My rating: 4 of 5 stars

This is a very strange, very Gothic, very twisty, complex book. It seems to be set in about 1925 on an isolated estate somewhere in England. Over the course of the book, the narrator--who exists inside different people for one day each for 8 days--has been tasked with solving the murder of the titular Evelyn Hardcastle. Just when the reader things she's got it nailed, the story twists away in a completely unexpected direction. There's really no one in the story very trustworthy or likable, but over the course of the book, we come to appreciate the different skills of various people, and the ability to listen and learn and change opinions.

I'm not excited about the explanation of the Big Picture part of this, but the ending of the mystery is absolutely wonderful. This book begs for a sequel, or at least a short "what actually happened next!?" story.

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Sunday, November 11, 2018

Review: Unthinkable: What the World's Most Extraordinary Brains Can Teach Us About Our Own

Unthinkable: What the World's Most Extraordinary Brains Can Teach Us About Our Own Unthinkable: What the World's Most Extraordinary Brains Can Teach Us About Our Own by Helen Thomson
My rating: 5 of 5 stars

REALLY fascinating look at neuroscience and how the brain works, especially when it works outside the realm of what most would consider "normal." There are stories of people who get lost in their own house, people who think they are dead, people who can feel your pain and emotions as if they are experiencing them, and so on. Absolutely amazing what the brain does, and as she points out throughout the book, these "outliers" serve to show what capabilities we have in our head should we could figure out how to tap them.

I'm considering buying this so I can write all over it.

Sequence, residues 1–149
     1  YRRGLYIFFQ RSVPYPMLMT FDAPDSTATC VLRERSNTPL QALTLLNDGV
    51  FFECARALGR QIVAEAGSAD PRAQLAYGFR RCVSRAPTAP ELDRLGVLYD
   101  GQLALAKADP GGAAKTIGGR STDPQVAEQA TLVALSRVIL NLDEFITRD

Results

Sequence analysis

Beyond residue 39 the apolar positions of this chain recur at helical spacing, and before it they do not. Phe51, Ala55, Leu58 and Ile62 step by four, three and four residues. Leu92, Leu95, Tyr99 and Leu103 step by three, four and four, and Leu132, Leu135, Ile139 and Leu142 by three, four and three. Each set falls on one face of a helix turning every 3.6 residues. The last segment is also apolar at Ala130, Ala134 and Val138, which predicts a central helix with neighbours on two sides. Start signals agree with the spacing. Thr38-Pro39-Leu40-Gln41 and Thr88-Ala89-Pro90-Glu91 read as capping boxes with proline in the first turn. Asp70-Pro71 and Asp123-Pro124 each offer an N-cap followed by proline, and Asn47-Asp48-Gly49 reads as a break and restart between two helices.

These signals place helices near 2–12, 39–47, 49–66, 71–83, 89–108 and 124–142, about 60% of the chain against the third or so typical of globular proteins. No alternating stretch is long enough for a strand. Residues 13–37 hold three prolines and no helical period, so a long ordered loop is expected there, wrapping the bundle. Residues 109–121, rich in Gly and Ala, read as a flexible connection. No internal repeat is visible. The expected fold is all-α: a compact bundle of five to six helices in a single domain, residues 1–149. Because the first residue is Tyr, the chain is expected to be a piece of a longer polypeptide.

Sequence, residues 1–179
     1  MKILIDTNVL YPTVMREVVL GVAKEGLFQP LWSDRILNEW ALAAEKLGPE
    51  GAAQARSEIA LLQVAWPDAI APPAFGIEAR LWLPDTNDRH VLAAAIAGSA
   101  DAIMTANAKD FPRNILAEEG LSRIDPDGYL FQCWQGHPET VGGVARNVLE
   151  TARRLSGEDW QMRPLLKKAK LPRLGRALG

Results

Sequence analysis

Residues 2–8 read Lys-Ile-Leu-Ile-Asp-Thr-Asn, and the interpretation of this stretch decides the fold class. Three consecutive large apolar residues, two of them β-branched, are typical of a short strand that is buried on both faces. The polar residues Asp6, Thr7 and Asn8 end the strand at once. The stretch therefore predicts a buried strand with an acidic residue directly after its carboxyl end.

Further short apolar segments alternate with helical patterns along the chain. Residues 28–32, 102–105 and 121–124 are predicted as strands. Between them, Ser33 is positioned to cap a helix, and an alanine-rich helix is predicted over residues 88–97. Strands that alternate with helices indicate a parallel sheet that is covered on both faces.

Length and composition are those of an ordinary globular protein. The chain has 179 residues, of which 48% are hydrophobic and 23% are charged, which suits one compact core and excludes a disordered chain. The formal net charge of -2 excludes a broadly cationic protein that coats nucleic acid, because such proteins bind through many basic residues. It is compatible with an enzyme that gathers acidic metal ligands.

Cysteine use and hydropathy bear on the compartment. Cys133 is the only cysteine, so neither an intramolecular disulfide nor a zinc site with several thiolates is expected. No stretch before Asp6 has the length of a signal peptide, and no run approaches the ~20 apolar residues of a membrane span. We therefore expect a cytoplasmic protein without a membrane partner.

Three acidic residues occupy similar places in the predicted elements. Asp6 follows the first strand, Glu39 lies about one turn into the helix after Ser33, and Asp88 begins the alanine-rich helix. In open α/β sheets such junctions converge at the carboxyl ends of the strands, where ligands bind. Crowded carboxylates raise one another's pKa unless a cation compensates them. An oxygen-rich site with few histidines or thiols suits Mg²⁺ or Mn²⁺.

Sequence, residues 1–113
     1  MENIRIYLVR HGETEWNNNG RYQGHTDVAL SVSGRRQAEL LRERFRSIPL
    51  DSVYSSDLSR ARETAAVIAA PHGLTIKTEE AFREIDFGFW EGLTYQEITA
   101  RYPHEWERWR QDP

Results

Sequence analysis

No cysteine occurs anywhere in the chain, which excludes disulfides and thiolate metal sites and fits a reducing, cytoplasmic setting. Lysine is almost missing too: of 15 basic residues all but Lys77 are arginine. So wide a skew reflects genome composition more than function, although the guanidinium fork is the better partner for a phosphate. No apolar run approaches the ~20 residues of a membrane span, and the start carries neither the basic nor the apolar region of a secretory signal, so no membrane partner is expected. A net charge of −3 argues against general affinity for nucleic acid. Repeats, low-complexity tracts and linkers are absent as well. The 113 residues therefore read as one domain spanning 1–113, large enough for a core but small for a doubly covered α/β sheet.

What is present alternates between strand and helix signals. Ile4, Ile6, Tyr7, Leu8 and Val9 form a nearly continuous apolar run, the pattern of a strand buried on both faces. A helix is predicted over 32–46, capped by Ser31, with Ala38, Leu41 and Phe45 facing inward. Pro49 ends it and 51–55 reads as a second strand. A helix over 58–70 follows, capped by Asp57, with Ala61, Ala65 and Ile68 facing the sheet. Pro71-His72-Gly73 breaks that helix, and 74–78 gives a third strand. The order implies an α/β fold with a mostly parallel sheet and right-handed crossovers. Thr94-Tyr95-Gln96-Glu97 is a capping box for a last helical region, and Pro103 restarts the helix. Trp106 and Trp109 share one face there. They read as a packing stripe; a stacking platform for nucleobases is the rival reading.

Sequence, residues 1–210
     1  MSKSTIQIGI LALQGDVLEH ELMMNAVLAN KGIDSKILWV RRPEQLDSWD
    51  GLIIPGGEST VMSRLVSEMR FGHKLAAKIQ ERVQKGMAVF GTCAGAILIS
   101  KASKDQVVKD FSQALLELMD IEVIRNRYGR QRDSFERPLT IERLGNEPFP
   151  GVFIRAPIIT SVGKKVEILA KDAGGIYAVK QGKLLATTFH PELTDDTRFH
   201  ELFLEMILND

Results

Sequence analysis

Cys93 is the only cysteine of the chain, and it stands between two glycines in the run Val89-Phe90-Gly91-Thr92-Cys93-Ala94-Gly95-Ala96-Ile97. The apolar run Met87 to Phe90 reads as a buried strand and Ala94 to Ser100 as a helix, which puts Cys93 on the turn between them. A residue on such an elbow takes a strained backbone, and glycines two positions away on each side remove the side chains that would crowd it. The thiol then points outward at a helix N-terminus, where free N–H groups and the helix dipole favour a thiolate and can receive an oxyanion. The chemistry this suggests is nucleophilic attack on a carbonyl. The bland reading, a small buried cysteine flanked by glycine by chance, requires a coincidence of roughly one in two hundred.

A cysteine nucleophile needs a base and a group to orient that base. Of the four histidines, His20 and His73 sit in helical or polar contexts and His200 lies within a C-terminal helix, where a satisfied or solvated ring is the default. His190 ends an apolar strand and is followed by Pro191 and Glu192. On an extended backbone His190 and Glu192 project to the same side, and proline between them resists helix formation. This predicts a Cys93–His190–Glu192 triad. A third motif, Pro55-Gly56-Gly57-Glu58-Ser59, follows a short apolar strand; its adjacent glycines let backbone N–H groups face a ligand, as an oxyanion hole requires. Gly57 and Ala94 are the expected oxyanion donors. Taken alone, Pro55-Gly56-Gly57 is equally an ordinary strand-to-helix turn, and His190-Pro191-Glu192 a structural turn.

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Review: The Doll's House

The Doll's House The Doll's House by Neil Gaiman
My rating: 5 of 5 stars

Well, consider me hooked! I am going to have to finish this series now. This one was particularly "up my alley" but also I'm beginning to understand the flow of reading graphic novels. Yes, I know: slow on the uptake. This one involves a "Cereal Convention" that does not involve anything Cheerio-related.

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Sunday, October 28, 2018

Review: The Breakers

The Breakers The Breakers by Marcia Muller
My rating: 4 of 5 stars

Quick in and out book here, about one of Shar's nieces disappearance. She makes a lot of discoveries about her family, some sad stuff happens, but nothing horrifying. Big changes afoot at the McCone homestead however, including a third cat, in the next book. Also, I knew who the bad guy was pretty much as soon as the character appeared on the page.

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Review: Field of Bones

Field of Bones Field of Bones by J.A. Jance
My rating: 4 of 5 stars

Another solid entry in the series, this one finds Joanna on maternity leave (sort of), and a serial killer of young women on the loose. Creepy and a little too easily worked out, and man I really don't like Marliss at all!